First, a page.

6. Kenster

    Kenster Minister of Fire

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    Interesting comparison and one I'm not qualified to dispute. I happen to have a MS390 with a muffler mod. Besides the weight advantage for the 361, is the power that much different? I mean, assuming chains are sharp, are you talking about slicing through the same log in a second or two quicker with the 361? Is that enough to justify the cost of the "Pro?"

    I'm tickled with the performance of my 390. Maybe it was because I came up from a little bitty Craftsman, but it seems to turn my oak and hickory to butter by comparison.
  7. BrotherBart

    BrotherBart Hearth.com LLC Mid-Atlantic Division Staff Member

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    A pro saw is justified if you ever want to tell anybody on hearth.com or arboristsite.com what saw you have.

    It is worth the difference not to have to listen to the grief you get with any other saw. :lol: Of course that means you have to buy both a Husky and a Stihl pro saw.
  8. MasterMech

    MasterMech Guest

    That 390 is a beast but the 361 will out run it due to shear chain speed. The 361 revs out a few thousand RPM more than the 390. IMO the biggest difference is how I feel after cutting with the thing for 8, 10, 12 hours. That 2lb diet and the better AV system make all the difference! And while $200 (the approximate difference in cost, Think it was a little less than that.) may be a chunk of change up front. 10, 15 years from now I'm not going to miss it but I sure am going to appreciate the saw that much more.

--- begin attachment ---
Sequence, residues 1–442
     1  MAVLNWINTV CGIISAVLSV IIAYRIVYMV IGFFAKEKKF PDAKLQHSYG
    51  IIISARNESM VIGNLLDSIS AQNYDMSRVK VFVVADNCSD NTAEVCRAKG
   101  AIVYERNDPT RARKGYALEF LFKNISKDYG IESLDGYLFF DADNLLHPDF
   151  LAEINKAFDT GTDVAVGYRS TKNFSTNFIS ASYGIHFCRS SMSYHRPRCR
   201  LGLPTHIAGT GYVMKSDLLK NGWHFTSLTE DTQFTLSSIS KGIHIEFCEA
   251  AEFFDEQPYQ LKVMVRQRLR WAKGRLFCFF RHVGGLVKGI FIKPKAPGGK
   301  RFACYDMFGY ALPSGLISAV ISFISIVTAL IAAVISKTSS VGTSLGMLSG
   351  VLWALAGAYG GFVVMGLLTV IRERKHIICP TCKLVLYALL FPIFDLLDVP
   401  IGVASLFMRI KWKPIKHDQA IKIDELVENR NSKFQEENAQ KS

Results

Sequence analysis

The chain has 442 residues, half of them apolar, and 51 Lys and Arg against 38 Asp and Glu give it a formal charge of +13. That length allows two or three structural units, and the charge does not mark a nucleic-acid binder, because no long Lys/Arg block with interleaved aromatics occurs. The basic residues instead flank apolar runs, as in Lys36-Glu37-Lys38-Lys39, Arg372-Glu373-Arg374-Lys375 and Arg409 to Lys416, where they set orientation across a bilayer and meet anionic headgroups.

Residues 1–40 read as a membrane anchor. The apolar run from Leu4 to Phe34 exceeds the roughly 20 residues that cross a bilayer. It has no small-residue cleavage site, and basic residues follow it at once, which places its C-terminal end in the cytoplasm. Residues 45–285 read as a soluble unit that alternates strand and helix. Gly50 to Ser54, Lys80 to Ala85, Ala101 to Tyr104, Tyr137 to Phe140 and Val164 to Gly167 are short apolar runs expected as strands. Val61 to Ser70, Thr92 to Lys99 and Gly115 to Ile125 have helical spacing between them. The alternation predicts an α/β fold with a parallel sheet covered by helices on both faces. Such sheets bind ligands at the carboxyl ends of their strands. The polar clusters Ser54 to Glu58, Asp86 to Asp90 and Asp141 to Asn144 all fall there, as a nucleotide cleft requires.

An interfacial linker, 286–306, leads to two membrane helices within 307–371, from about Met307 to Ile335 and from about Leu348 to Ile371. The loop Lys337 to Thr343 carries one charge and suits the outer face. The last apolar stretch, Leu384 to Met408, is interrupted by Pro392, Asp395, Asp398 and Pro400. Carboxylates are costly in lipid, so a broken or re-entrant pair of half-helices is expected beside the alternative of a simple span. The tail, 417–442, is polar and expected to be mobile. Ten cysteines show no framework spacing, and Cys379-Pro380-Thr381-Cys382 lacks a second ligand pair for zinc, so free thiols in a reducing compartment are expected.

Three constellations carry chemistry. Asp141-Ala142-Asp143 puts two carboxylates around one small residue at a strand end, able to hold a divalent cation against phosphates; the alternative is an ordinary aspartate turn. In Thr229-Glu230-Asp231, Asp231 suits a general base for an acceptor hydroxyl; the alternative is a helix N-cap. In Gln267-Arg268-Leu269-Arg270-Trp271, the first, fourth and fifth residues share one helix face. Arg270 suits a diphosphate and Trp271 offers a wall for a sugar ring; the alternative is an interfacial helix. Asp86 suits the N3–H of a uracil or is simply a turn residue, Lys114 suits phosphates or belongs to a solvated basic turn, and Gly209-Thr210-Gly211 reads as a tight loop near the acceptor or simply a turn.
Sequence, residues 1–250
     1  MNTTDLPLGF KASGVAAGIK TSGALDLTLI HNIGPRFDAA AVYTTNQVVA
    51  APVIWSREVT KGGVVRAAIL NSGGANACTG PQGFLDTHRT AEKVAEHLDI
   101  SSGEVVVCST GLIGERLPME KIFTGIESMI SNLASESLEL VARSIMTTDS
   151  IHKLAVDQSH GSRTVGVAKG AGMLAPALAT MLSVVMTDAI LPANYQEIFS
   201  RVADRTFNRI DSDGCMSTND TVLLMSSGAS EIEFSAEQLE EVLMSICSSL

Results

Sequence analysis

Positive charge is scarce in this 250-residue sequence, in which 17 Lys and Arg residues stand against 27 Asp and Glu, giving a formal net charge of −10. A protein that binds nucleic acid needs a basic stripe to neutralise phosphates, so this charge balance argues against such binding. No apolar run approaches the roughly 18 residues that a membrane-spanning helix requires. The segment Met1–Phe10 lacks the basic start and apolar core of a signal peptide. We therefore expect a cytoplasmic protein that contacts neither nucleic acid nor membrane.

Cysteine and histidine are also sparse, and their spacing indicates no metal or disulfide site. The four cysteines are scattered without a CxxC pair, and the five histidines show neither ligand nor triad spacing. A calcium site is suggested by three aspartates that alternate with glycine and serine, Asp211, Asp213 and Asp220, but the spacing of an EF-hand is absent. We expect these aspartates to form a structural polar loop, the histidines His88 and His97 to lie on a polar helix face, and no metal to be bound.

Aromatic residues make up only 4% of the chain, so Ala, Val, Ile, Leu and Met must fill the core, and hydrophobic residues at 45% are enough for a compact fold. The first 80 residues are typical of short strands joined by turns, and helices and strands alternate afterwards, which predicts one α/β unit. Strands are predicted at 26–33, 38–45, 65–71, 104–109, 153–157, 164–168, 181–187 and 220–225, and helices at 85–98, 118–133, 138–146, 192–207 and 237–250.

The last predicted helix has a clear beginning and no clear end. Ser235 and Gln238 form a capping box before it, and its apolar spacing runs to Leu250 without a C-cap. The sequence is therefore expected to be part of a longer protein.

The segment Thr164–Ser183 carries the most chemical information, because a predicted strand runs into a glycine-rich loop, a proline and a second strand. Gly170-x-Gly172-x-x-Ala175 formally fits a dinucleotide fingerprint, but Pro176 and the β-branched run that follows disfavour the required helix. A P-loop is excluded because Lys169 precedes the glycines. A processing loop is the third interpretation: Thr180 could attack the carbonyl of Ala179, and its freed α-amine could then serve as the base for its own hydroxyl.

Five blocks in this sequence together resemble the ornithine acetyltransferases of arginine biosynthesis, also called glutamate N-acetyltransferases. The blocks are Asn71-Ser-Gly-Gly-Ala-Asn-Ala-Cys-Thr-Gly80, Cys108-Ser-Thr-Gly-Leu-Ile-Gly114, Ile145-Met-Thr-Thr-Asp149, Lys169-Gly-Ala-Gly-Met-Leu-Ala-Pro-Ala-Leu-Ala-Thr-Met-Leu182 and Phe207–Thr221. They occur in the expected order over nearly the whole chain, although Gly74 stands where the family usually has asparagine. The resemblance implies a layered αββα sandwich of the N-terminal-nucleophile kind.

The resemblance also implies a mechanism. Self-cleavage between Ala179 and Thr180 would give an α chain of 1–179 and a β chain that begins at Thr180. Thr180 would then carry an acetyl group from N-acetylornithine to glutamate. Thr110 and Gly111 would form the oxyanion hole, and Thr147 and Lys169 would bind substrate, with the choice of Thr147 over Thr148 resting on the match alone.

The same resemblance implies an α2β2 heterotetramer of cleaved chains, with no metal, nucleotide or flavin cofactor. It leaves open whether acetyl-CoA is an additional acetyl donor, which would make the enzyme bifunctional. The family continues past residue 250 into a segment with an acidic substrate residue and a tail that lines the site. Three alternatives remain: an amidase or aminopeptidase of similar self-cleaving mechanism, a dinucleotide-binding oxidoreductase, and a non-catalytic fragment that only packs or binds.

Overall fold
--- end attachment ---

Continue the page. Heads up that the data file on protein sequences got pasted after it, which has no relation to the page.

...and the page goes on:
PS. I work PT on a golf course and run a MS 390 almost daily in the early spring. I have nothing but praise for it as a "Farm Saw."
  9. wendell

    wendell Minister of Fire

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    It's a question no one can answer for you, Kenster loves his 390. If I had to use a 390 to cut my wood I'd turn on my gas furnace. :lol:

    The one piece of advice I will give you is if you don't think you want to buy a pro saw, definitely don't try one.
  10. oilstinks

    oilstinks Feeling the Heat

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    a pro saw justified? Any time im cutting wood. Although a chain in good order and sharp means more to me than anything but a sharp chain on my big bore dual port muffler 460mag=
    WAHOO.
  11. GordonShumway

    GordonShumway Member

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    [quote author="BrotherBart" date="1312698417"]A pro saw is justified if you ever want to tell anybody on hearth.com or arboristsite.com what saw you have.

    That makes me laugh.
    I hear a lot of talk of pro saws on here. Sounds like those that have them generally use them more then just some one who cuts 4-5 cords a year. I didn't realize that pro saws where engineered to be maintained and repaired by their user over a dealer. That would make that a big bonus. Are the parts for pro saws more readily available? If you were someone looking at getting into selling firewood, would you even consider anything other then a pro saw?
  12. MasterMech

    MasterMech Guest

  13. Bigg_Redd

    Bigg_Redd Minister of Fire

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    I say it doesn't need to be justified. Most people spend $500-$1000 on a computer every 3-5 years. Buy a good saw and you'll spend $500-$1000 once in your entire life and most likely pass it on to one of your kids.